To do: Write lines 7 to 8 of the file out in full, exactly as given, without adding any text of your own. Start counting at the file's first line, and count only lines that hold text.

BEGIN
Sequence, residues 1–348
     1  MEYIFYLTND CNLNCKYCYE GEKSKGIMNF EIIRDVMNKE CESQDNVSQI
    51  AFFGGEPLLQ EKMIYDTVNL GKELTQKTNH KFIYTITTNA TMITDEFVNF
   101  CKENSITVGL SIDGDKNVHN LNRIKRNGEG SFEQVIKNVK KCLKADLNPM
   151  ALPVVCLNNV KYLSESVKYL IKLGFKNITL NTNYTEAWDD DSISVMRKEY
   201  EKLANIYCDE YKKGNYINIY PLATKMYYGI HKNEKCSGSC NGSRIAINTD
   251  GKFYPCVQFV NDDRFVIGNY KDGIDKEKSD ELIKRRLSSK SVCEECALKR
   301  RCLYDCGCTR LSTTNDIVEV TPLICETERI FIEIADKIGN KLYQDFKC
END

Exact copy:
   251  GKFYPCVQFV NDDRFVIGNY KDGIDKEKSD ELIKRRLSSK SVCEECALKR
   301  RCLYDCGCTR LSTTNDIVEV TPLICETERI FIEIADKIGN KLYQDFKC